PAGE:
From Homer to Trump…
Why Trump’s Tall Tales Win Hearts & Close Minds
Looking back at 2018, I return again and again to this photo. Taken May 29, 2018 at a MAGA rally in Nashville, Tabitha Kaylee Hawk’s photo was the feature image used with Salim Matt Gras’ Open Letter to Trump, written after Gras attended a Missoula rally.
Gras describes the shift from ‘ chitchat with the people around me [who] seemed quite ordinary, people who could be my neighbors’ to a seething ugliness,
“as if this crowd of otherwise ordinary people had been given permission to morph into something very dark and very menacing. And it was the glee they showed — when you badmouthed Clinton, say, or boasted about building a wall to keep out people suffering abuse seeking refuge, or spoke admiringly of our Republican U.S. Representative body slamming a reporter.”
In the past two years, we have seen a surfeit of articles and photos capturing the ugliness of populist demonstrations and the resurgence of white nationalism, yet this is the image that haunts me. Look at those faces. Look at those beaming smiles. The camaraderie. The light. The joy. When I studied that photo it seemed absolutely clear to me that no matter what Trump does or says, his base will support him because this is how he makes them feel.
Happy. Seen. Spoken to. Affirmed. This response is not news, as understanding the Trump base is a much discussed topic. What might be new, though, is a different way of thinking about the relationship between storytelling and the self that I’d like to share here.
We know in this era of storytelling that being able to tell your story (tell your best story!) is an essential skill promoted in business, marketing, and entertainment. An entire industry of consultants, resources, and strategies are at your digital fingertips, to help you refine your storytelling craft. Take this excerpt from a 2005 article in the Harvard Business Review:
“All of us tell stories about ourselves. Stories define us. To know someone well is to know her story — the experiences that have shaped her, the trials and turning points that have tested her. When we want someone to know us, we share stories of our childhoods, our families, our school years, our first loves, the development of our political views, and so on….we’re talking about accounts that are deeply true and so engaging that listeners feel they have a stake in our success.”
Personal storytelling is often positioned as a component of mental health and recovery, as contributing to a stronger sense of unified, integrated selfhood:
‘“Life stories do not simply reflect personality. They are personality, or more accurately, they are important parts of personality, along with other parts, like dispositional traits, goals, and values.” Dan McAdams, a professor of psychology at Northwestern University, and Erika Manczak (APA Handbook of Personality and Social Psychology).’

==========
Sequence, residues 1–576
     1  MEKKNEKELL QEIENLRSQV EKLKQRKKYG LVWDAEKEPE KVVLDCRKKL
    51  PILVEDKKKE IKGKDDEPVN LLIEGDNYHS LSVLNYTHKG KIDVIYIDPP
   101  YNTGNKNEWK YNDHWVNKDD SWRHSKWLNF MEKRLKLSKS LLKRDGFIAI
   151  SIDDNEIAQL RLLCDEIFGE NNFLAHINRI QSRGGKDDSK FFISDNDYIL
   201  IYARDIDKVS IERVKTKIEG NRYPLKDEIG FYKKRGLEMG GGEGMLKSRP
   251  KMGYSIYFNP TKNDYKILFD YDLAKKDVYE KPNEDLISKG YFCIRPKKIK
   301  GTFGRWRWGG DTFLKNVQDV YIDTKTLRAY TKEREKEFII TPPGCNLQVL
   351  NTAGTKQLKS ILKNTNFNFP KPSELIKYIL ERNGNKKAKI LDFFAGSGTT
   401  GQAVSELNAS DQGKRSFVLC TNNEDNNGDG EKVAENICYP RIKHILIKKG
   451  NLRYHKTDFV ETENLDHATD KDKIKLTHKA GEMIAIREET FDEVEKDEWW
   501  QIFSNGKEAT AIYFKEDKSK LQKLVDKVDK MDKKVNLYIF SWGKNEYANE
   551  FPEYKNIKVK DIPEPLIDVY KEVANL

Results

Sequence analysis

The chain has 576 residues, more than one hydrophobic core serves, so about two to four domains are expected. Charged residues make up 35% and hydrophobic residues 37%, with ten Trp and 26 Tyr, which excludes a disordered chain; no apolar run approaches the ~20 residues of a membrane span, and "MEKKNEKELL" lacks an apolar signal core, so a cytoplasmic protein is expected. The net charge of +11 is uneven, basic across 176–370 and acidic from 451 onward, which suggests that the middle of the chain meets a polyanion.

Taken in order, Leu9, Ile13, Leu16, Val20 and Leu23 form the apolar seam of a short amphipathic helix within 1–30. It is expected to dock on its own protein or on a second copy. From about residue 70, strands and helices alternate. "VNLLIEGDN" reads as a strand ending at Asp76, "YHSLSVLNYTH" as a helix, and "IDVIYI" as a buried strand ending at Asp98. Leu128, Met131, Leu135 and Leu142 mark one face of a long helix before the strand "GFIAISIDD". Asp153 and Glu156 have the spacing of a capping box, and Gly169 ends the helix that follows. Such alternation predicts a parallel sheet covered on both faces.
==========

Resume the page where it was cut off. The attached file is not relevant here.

From Black Panther to Call Me By Your Name, we know how vital seeing oneself represented is for individuals and communities whose stories have for decades been denied or denigrated in white heteronormative mainstream cultural domains.
My areas of expertise are not in medicine or psychology, so I pose this next thought tentatively, knowing that there are many many instances where being able to understand and tell one’s story is vital.
What is missing in the model of ‘telling’ of one’s story is a recognition of the role of someone else to listen, to hear, and to acknowledge the story we tell. If we focus only on the telling, we run the risk of sliding towards the implicit isolationism of Descartes’ cogito. A story that is not heard or acknowledged is akin to Midas shouting into the reeds. Hence, an industry devoted towards finding your audience and moving your audience, such that getting ‘listeners [to] feel they have a stake in our success’ is an unquestioned goal of marketing, branding, and communications broadly. Think TED Talks to NIKE ads.
From a distance, when I look at images of enthusiastic Trump supporters, what seems clear is that they LOVE the story he is telling to them, of them. His nostalgia-driven narrative of Make America Great Again resonates to a degree that it doesn’t matter whether it’s true or not. Trump understands how to mobilize a range of mythos that confer a communal identity, positioning his supporters at the center of history in the making.
The more I thought about this, the more my thoughts returned to the work of an Italian philosopher, Adriana Cavarero, on the dynamics of life stories and “the narrative work of memory” (33): “Every human being, without even wanting to know it, is aware of being a narratable self — immersed in the spontaneous auto-narration of memory “ (33). In her 1997 work, Relating Narratives: Storytelling and Selfhood, Cavarero’s argument traces ‘the relational character of the self,’ and the effect of what occurs when we entrust another to ‘tell me my story’ (86).